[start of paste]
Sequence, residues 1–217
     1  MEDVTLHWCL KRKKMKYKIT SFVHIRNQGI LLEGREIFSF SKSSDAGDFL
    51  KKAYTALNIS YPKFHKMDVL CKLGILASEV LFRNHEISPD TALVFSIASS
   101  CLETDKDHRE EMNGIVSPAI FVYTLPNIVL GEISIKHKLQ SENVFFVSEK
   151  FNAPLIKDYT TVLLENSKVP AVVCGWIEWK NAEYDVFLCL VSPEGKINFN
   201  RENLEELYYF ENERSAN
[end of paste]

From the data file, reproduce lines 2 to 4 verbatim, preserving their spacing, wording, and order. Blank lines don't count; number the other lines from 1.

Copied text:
     1  MEDVTLHWCL KRKKMKYKIT SFVHIRNQGI LLEGREIFSF SKSSDAGDFL
    51  KKAYTALNIS YPKFHKMDVL CKLGILASEV LFRNHEISPD TALVFSIASS
   101  CLETDKDHRE EMNGIVSPAI FVYTLPNIVL GEISIKHKLQ SENVFFVSEK